Makau Mutua: The politics of clitoridectomy

In November 2019, President Uhuru Kenyatta launched the National Policy on Abandonment of Female Genital Mutilation which kicked off the campaign to eradicate FGM in the country by 2022. Photo | Courtesy

Photo credit: File | Nation Media Group

What you need to know:

  • We are inherently fascinated and seduced by sex and sexuality.
  • Scientists agree the clitoris has one basic function.

Some tightwad may think the subject of this column is X-rated, or taboo. It’s neither. Rather, it’s about knowledge, and the politics of knowledge. Specifically, it’s about the fight over women’s rights and cultural norms.

It’s about sex education, the de-stigmatisation of public discourse on sexuality, and women’s autonomy over their bodies and reproductive rights. Ignorance about any subject creates a stupid society. So, let’s not “do stupid”.

That’s why I was buoyed to see MPs openly discussing “female genital cutting”, popularly referred to as “female genital mutilation” or FGM. Others call it “female genital surgeries,” or “female circumcision”.

There are complicated politics about lexicon – what to call “it”. That’s because there’s a lot – sometimes everything – in a name.

We are inherently fascinated and seduced by sex and sexuality. This area of human anatomy, thought, deed, and emotion is the most intriguing to the human mind. Most of the time, we explore our bodies in silence and ignorance. It can drive us to destructive and irrational behaviour, or make us into the tenderest of beings.

Human anatomy

But it’s akin to a grenade. Ignorance of our bodies is imposed on us by culture and the norms of the so-called “polite society”. Parents and figures of authority rarely talk to their children and young people about human anatomy and sexuality. Then we wonder why so many of our youth make tragic choices about their bodies. We must end this deliberate stupidity.

The word on which there’s little controversy is “clitoridectomy”. The reason is not many people dare pronounce the word. Clitoridectomy is the excision of all or part of the clitoris on girls who legally have no choice and can’t consent. The clitoris is, of course, the most sensitive female sexual organ common to all mammals, including human beings.

 It’s equivalent in males is the penis. Scientists agree the clitoris has one basic function. It’s an erogenous organ capable of erection and sexual stimulation. Simply put, it’s the “lady button” whose purpose is sexual pleasure often leading to the female orgasm. There’s agreement a woman is unlikely to reach, or develop, her full sexual potential without a clitoris.

You are hopeless if I don’t have your full attention now. It’s clear that the excision – in part or whole – of the clitoris visits great violence and deprivation to the girl, or woman. It’s a frontal, total assault on the sexuality and the humanity of a girl, or woman. That’s the science of the matter – period. There are no two ways about it.

Egregious violation

Cutting off female genitalia, especially the clitoris, is unquestionably the most heinous and egregious violation of the female body, womanhood, and personhood. Culture aside, it’s a gross human rights violation. There can be only one purpose for such an offensive practice – to control women’s bodies and rob them of the pleasures of sexuality. End of story.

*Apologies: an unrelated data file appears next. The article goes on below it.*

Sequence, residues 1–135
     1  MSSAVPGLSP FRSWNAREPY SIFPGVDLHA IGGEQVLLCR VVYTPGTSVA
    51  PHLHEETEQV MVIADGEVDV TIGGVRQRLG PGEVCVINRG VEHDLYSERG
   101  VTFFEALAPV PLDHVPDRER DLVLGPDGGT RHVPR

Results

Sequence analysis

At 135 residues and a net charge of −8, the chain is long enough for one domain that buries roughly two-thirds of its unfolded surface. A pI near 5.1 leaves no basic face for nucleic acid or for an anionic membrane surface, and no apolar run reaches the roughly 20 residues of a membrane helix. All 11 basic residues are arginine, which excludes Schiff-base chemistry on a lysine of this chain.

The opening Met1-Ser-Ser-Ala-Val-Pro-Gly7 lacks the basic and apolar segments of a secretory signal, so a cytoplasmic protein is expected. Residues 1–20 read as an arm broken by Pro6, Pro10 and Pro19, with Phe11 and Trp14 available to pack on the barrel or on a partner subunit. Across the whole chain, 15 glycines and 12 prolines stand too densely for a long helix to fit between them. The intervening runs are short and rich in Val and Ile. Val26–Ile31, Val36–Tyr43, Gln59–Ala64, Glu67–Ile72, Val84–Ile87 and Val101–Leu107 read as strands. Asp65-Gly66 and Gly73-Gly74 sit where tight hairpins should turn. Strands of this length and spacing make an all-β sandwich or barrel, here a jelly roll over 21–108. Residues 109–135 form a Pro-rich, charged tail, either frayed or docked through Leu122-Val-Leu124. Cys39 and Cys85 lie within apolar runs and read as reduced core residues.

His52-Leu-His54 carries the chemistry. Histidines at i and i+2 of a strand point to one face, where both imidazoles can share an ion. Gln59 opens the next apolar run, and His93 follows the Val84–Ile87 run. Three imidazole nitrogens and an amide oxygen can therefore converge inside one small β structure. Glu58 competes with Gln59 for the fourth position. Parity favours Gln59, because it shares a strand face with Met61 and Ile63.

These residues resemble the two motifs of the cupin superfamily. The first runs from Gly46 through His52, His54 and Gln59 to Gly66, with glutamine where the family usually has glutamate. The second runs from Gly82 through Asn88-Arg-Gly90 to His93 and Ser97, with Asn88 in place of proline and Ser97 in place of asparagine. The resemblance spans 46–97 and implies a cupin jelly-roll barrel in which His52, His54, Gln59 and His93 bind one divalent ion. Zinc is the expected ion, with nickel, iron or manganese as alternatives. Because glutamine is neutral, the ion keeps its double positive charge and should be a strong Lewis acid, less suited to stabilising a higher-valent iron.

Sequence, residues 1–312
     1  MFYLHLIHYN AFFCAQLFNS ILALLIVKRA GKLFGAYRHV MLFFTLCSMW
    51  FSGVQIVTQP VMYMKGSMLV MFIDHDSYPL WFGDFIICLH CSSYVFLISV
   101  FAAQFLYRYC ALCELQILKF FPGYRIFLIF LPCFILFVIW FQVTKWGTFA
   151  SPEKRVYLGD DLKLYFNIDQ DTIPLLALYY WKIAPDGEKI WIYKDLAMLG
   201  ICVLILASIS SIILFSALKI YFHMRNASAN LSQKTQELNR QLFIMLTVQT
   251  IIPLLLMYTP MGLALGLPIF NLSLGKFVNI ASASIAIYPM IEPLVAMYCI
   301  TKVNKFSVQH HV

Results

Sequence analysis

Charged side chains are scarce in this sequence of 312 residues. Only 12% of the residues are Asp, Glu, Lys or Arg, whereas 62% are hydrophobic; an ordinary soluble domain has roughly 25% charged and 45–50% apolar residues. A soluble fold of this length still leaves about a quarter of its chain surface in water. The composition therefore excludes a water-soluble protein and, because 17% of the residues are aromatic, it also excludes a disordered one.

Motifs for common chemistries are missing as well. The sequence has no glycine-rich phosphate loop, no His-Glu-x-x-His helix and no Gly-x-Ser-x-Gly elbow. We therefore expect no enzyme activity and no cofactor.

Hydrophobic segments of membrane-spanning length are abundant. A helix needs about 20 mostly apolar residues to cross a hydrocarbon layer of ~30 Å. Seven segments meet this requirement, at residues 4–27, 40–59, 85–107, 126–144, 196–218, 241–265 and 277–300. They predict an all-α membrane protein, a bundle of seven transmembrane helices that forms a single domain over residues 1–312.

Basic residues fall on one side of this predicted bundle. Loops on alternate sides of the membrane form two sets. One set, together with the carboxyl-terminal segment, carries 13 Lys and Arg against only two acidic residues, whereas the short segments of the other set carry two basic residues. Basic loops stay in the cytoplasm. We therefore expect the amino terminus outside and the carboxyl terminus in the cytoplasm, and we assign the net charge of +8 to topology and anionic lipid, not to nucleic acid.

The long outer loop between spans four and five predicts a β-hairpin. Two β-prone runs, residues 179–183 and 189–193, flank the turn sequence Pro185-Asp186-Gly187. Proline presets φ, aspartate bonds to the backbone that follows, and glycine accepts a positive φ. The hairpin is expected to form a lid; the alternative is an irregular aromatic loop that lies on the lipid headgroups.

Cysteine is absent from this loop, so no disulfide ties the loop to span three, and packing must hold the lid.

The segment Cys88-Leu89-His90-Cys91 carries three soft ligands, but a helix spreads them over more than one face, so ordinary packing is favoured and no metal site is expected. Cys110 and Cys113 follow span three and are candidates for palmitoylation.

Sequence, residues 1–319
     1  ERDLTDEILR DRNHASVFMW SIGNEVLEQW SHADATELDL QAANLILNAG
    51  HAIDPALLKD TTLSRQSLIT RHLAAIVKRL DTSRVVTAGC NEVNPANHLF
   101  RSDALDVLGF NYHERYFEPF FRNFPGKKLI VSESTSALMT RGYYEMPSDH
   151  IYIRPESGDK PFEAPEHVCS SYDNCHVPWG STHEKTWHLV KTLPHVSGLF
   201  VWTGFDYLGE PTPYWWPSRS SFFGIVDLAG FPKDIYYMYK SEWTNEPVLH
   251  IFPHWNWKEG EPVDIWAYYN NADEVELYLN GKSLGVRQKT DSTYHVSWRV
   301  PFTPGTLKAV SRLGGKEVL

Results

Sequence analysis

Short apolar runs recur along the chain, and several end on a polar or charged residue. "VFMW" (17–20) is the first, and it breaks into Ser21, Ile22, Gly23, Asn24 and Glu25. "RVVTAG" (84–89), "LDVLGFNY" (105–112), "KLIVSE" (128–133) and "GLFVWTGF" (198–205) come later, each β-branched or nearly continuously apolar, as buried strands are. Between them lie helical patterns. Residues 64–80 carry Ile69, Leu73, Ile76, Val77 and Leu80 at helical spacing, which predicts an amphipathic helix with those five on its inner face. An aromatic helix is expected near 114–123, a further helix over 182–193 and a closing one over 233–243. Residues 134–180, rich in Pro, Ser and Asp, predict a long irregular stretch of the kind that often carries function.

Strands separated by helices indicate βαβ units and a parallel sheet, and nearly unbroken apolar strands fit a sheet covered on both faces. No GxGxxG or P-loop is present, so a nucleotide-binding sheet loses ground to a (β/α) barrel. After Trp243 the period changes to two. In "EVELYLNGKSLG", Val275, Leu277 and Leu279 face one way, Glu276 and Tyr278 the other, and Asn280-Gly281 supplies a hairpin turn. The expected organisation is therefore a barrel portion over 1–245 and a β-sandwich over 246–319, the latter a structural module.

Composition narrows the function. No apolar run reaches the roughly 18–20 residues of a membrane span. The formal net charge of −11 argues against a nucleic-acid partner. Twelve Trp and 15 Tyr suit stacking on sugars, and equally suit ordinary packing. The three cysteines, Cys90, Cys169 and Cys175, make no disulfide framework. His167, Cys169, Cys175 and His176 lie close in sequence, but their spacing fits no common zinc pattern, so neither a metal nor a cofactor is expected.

I am aware of the raging arguments about clitoridectomy because I teach human rights. Initially, it was perceived that white women in Europe and America were more concerned with clitoridectomy than Africans, Arabs, and Muslims – the three demographics where the practice has been concentrated.

These White “foreign” activists coined the term FGM, or female genital mutilation. We don’t of course expect the cultures where it’s practiced to describe it as “mutilating” women. It was generally called “circumcision”. The entry of the White women into the debate led to charges of cultural imperialism. They were accused of appropriating – silencing – the voices of women subjected to the practice and depicting them as horizontally prone helpless dupes and victims of patriarchy.

Forgotten in this international debate was the internal resistance to clitoridectomy by women in the communities where it’s practised. These women have led the fight against the practice. In Kenya, the practice has been criminalised, as in most other states.

Cultural and religious justifications do not – and cannot – hold any water. We can argue about the terminology and refuse to accept that one culture is superior to another, but we cannot justify the practice.

Thus, dominantly White Western cultures shouldn’t point accusing fingers at Africans, Arabs, or Muslims – accusing them of being “primitive” and “barbaric”. After all, in the West, women are subjected to standards of beauty that lead to bodily mutilations, self-hate, suicide, and eating disorders.

 I was pleased to hear Mavoko MP Patrick Makau [no relation] call out men who advocate clitoridectomy for women in their communities while lusting after “uncut” women from other groups. The MP confessed that the Akamba now advocate the “elongation” of the clitoris to “increase” pleasure.

This frank public conversation among the elite debunks any cultural arguments for clitoridectomy. It’s clear banning the odious and violent practice can only inure to the benefit of both sexes. His point is that we are all the better for it when we “spread the pleasure”. As they say, apigiwe makofi [clap for him].



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